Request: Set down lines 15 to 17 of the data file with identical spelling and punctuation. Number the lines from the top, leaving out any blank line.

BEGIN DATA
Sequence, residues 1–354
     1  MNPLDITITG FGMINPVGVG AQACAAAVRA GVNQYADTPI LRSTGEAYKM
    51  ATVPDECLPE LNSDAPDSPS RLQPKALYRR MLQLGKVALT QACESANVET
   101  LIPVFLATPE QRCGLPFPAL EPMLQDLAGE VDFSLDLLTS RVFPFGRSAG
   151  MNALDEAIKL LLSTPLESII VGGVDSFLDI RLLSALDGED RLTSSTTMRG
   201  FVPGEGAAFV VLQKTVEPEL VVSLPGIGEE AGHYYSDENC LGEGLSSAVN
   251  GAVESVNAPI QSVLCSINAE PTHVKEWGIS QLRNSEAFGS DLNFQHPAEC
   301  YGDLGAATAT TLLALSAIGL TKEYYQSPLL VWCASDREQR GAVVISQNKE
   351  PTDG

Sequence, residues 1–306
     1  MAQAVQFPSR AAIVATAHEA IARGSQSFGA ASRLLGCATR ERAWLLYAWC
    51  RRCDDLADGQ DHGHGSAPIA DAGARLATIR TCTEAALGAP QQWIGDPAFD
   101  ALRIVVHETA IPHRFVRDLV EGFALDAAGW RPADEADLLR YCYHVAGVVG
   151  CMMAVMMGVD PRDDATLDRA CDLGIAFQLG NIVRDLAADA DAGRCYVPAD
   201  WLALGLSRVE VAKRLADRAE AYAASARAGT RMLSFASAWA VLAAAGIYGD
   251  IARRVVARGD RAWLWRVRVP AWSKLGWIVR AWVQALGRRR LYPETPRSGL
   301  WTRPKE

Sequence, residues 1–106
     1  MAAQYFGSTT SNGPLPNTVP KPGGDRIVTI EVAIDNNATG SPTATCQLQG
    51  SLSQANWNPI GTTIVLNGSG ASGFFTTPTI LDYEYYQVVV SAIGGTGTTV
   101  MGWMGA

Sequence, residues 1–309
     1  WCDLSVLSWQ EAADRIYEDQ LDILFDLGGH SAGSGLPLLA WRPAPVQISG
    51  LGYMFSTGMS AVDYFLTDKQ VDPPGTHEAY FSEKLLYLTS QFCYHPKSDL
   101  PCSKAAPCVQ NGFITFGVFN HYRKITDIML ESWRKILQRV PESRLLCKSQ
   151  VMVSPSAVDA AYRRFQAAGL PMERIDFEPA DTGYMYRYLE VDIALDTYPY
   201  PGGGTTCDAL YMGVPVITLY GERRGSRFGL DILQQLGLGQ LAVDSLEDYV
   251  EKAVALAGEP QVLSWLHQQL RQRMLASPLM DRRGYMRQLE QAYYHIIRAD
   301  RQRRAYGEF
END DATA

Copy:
   201  WLALGLSRVE VAKRLADRAE AYAASARAGT RMLSFASAWA VLAAAGIYGD
   251  IARRVVARGD RAWLWRVRVP AWSKLGWIVR AWVQALGRRR LYPETPRSGL
   301  WTRPKE